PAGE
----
The EFF doesn't necessarily think all of these usage nightmares will become a reality, but the group does wonder how the W3C can refuse other DRM schemes now that the proverbial barn door has been opened.
Don't forget the silly
Digital dystopias aside, if you're on the side of the EFF and hate the idea of copy protection, there are a few things to keep in mind. The W3C is not a standards body in the traditional sense. The group has no actual power to enforce its decisions on Websites and browser makers.
Generally, it's wise to play along with the W3C's guidelines since everybody else is (at least these days), but Web purists are free to disregard any of the group's recommendations. In fact, there is already a grassroots push to try and get Mozilla to categorically state it won't include the EME specification in Firefox.
Given that Apple, Google, and Microsoft—all of whom sell video services themselves—are sure to include EME in their browsers, however, it seems unlikely Mozilla would hold out for long even if it did take a stand.
Beyond the true power of the W3C, there is a more important thing to realize: DRM is silly. It simply doesn't work. The biggest problem, as author and activist Cory Doctorow has pointed out on many occasions, is that for DRM to work you have to give both the encrypted content and the power to decrypt that content to your potential attacker.
You can't watch Netflix videos or a Blu-ray disc, after all, without the ability to get past that DRM. And once you've given someone the keys to your digital kingdom, it's only a matter of time until a determined hacker figures out how to crack your copy protections.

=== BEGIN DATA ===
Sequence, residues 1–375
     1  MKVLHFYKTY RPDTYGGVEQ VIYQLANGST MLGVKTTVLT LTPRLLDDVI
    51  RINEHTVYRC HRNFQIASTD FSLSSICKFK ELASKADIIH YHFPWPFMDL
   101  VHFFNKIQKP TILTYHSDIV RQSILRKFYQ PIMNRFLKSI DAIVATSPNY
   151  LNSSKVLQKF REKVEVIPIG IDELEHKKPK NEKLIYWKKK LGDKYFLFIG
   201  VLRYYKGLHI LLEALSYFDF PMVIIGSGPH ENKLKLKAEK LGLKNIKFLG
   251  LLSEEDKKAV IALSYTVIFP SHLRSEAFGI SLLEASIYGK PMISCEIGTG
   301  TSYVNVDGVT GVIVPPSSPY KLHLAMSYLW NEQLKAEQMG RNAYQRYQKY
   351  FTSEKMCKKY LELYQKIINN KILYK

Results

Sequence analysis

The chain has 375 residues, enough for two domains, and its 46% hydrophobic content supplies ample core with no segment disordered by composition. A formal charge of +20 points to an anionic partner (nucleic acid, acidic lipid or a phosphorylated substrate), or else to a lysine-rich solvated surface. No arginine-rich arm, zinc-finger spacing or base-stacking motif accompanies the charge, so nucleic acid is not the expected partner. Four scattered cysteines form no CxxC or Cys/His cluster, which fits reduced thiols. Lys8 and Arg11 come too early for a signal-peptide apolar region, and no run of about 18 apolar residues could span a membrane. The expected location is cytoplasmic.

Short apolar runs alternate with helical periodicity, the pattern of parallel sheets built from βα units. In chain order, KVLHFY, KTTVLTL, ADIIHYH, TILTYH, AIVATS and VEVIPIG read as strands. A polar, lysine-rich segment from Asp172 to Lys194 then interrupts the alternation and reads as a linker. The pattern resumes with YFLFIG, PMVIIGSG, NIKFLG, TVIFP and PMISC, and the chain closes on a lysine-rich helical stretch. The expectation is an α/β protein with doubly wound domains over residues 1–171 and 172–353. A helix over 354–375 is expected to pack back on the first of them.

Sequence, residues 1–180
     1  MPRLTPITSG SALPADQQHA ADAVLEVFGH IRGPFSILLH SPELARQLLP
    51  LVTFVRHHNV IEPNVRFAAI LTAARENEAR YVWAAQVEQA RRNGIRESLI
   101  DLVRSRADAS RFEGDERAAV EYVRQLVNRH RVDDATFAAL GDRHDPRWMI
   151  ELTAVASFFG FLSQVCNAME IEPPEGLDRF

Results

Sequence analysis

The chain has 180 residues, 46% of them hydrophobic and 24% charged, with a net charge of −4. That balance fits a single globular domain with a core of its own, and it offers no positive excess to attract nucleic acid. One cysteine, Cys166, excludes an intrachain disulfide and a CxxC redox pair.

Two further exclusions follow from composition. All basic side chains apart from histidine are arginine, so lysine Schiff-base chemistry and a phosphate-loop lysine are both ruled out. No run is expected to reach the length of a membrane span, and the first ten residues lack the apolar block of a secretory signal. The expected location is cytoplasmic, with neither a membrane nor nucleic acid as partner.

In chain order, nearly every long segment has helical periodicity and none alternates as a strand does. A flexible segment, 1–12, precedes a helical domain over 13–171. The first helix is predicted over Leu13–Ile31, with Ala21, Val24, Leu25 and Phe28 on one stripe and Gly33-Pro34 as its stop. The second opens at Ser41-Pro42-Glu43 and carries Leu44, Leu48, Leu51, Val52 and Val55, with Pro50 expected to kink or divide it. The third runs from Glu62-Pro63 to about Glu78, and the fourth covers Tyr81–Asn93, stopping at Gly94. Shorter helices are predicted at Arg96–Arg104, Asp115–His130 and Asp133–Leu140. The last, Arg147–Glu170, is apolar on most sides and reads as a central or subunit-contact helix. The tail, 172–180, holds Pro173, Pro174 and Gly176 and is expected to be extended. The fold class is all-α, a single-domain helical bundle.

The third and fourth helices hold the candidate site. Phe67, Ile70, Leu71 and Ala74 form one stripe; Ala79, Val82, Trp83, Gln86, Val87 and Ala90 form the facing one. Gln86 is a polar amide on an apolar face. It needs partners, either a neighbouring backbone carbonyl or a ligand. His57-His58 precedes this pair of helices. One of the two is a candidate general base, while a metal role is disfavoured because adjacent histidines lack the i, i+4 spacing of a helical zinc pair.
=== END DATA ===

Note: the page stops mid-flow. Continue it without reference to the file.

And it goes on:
Don't believe it? Type "unlock Kindle books" into your favorite search engine. As long as you know how to click a mouse you'll have unfettered ePub versions of all your copy-protected ebooks within an afternoon.
Netflix isn't immune from foiled copy protections either. The company's exclusive DRM-laden, online-only content including Arrested Development, House of Cards, and Orange is the New Black all appeared on torrent sites within hours of going live on Netflix. Even if hackers didn't actually crack Netflix's copy protections and only used screen recording software, it proves there's always a way to get around nearly any copy protection scheme.
As the EFF notes "DRM is a pain to design, does little to prevent piracy, and is by its nature, user-unfriendly."
So take heart, friends of the open Web: It's highly likely there will always be a way around any potential anti-copying measures built into the fabric of HTML.
As for the inclusion of EME, well, as long as copy protections stop at premium video services, it seems unlikely that many people will mind or even notice.
Whether that's a good or a bad thing, I'll leave to you.
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